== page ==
Communications Specification for Fitness Equipment
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CSAFE (Communications Specification for Fitness Equipment) is a fitness industry-wide communications specification developed in 1997 for exercise equipment. As this specification was originally developed by the company FitLinxx, sometimes it is also referred to as FitLinxx.
The CSAFE specification describes the physical wiring scheme as well as the format of the data frames. The CSAFE protocol is designed to work in a master/slave fashion. A special I/O jack on the exercise equipment accepts a normal 8P8C (RJ-45) plug (although the wiring scheme has no relation to ethernet) wired to a normal RS-232 cable. The CSAFE port also has pins which should be wired to an input audio jack.
In October, 2000, a CSAFE group was formed within FISA (Fitness Industry Suppliers Association) to help coordinate the continued evolution of CSAFE. This group is led by a steering committee with membership from a broad representation of the industry. The CSAFE protocol is licensed on a royalty free basis to any company, person, or organization wishing to use it.
Most of the pins from the RJ-45 plug should be connected to a normal RS-232 interface configured for an asynchronous communication mode of 9600 baud with 8 data bits, 1 stop bits and no parity. Hardware handshaking for flow control (CTS as an input to Slave) is not required to support this protocol but is recommended. The equipment jack pinout for this jack is as follows:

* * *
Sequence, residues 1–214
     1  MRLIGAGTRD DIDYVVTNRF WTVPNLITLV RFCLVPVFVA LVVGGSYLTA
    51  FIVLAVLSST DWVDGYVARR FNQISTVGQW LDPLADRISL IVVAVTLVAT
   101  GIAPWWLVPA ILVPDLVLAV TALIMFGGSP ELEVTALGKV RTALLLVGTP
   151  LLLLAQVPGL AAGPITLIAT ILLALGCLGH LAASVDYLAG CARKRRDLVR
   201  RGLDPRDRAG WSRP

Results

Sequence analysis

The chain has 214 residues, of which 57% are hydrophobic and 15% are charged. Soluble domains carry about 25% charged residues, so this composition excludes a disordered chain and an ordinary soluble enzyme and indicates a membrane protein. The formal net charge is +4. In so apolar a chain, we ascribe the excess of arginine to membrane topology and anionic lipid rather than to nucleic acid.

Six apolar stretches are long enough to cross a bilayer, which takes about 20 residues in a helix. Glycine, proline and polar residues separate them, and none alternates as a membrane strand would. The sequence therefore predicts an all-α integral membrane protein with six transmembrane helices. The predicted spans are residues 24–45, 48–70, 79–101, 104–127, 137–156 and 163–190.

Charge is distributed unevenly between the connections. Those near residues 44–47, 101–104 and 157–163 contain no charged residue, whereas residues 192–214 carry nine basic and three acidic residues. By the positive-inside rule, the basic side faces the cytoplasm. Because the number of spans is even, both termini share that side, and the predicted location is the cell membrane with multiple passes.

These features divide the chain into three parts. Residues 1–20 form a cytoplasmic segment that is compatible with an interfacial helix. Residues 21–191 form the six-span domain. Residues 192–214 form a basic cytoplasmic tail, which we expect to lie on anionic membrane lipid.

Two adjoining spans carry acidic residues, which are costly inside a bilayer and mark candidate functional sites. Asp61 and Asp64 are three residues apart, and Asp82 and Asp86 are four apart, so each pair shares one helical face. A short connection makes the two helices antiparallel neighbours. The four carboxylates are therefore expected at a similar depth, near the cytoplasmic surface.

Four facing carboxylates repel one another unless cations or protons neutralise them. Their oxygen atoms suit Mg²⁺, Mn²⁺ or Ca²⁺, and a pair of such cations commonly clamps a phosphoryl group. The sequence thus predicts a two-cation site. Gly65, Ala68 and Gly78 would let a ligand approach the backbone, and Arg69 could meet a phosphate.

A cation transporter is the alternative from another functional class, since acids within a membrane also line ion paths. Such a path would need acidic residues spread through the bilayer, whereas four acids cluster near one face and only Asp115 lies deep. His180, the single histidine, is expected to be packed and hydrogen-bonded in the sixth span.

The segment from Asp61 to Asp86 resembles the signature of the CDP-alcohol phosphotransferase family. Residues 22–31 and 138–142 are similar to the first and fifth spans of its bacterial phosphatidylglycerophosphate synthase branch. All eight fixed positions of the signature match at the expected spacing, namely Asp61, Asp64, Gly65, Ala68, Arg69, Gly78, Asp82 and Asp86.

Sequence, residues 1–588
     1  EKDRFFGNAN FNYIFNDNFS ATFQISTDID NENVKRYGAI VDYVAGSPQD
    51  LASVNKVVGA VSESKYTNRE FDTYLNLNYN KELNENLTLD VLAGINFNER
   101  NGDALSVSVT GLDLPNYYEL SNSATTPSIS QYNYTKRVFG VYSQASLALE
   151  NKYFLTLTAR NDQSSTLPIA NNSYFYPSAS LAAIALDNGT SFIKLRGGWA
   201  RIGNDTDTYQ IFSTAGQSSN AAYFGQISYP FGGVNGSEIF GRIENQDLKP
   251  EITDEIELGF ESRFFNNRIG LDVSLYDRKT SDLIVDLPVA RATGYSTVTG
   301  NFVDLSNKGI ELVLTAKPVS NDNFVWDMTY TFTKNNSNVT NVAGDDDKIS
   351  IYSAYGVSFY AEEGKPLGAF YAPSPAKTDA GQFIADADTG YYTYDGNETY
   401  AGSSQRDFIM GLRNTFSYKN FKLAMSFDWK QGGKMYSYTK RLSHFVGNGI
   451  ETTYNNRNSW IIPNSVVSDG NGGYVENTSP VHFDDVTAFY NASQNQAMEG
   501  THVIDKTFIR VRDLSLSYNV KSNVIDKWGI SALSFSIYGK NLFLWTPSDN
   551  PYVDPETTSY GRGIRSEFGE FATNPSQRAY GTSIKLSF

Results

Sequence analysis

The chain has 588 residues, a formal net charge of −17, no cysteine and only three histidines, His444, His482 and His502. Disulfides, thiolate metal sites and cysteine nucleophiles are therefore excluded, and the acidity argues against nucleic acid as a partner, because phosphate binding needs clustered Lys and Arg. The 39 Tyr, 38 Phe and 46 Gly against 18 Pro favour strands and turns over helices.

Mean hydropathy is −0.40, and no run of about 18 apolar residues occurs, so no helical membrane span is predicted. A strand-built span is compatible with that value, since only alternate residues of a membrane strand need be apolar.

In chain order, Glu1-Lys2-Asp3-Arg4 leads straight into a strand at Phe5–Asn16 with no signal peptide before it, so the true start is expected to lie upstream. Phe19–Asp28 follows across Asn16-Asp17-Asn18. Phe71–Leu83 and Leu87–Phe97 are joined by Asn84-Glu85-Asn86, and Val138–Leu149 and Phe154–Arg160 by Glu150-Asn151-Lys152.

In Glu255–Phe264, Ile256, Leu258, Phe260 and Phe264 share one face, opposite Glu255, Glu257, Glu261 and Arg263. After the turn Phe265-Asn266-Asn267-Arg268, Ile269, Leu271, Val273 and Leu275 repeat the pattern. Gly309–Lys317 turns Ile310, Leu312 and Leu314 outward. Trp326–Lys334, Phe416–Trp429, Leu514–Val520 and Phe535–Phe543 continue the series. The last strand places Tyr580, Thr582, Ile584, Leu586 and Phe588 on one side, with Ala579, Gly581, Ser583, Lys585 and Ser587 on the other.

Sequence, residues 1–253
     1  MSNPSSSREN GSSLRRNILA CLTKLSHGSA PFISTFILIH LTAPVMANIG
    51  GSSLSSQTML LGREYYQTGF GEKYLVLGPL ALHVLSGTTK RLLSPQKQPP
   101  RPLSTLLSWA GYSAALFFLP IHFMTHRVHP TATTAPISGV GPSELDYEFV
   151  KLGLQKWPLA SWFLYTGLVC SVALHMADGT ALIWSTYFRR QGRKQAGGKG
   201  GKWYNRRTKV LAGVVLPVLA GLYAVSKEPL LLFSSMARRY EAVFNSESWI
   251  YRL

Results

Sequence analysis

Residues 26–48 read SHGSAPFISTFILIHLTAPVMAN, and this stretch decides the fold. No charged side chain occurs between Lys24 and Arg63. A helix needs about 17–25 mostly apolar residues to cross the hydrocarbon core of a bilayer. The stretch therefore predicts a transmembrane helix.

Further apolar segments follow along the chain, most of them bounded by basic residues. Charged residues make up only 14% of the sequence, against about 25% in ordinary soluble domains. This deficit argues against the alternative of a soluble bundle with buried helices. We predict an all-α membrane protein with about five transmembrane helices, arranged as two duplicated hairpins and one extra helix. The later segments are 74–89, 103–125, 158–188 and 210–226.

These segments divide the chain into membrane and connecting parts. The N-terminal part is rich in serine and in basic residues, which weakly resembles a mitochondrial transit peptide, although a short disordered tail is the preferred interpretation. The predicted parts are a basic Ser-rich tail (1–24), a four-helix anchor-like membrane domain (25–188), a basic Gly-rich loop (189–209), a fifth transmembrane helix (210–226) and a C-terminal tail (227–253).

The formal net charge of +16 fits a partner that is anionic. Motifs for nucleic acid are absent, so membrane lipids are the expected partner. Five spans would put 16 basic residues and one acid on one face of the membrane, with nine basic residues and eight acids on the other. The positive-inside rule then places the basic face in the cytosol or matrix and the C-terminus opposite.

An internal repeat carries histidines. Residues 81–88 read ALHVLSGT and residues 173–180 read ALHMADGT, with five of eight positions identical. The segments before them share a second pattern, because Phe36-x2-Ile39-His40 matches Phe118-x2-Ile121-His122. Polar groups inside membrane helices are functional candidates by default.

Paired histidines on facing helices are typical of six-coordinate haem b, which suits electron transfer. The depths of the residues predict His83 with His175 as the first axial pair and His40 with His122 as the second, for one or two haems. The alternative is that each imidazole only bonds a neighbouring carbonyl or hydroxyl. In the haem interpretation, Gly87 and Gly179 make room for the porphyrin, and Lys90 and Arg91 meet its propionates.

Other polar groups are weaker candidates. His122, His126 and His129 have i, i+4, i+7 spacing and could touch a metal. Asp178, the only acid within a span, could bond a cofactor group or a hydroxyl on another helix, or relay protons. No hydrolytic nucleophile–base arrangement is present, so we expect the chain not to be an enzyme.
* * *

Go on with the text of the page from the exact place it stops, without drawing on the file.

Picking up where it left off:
|Pin||Description||Fitness Equipment (Slave) I/O|
|6.||CTS Flow Control||Input|
Pin positions are counted from 1 to 8 in a left to right direction looking into the RJ-45 socket with the locking tab facing down as shown in the following diagram:
The communications protocol works in two modes: standard and extended. The primary difference between the two modes is that the extended mode adds source and destination address fields to the frame. The standard frame mode would normally be used in the case where there is only one piece of exercise equipment attached to one computer. This mode is primarily useful in a home setting where there is only one piece of exercise equipment and one controlling computer.
The extended mode is intended for use where multiple pieces of exercise equipment are attached to one or more computers via a shared link. This mode is useful in a gym setting with multiple pieces of exercise equipment located far away from the controlling computer. All of the equipment could be connected to a single multiplexing box which in turn connects to the controlling computer over a long cable.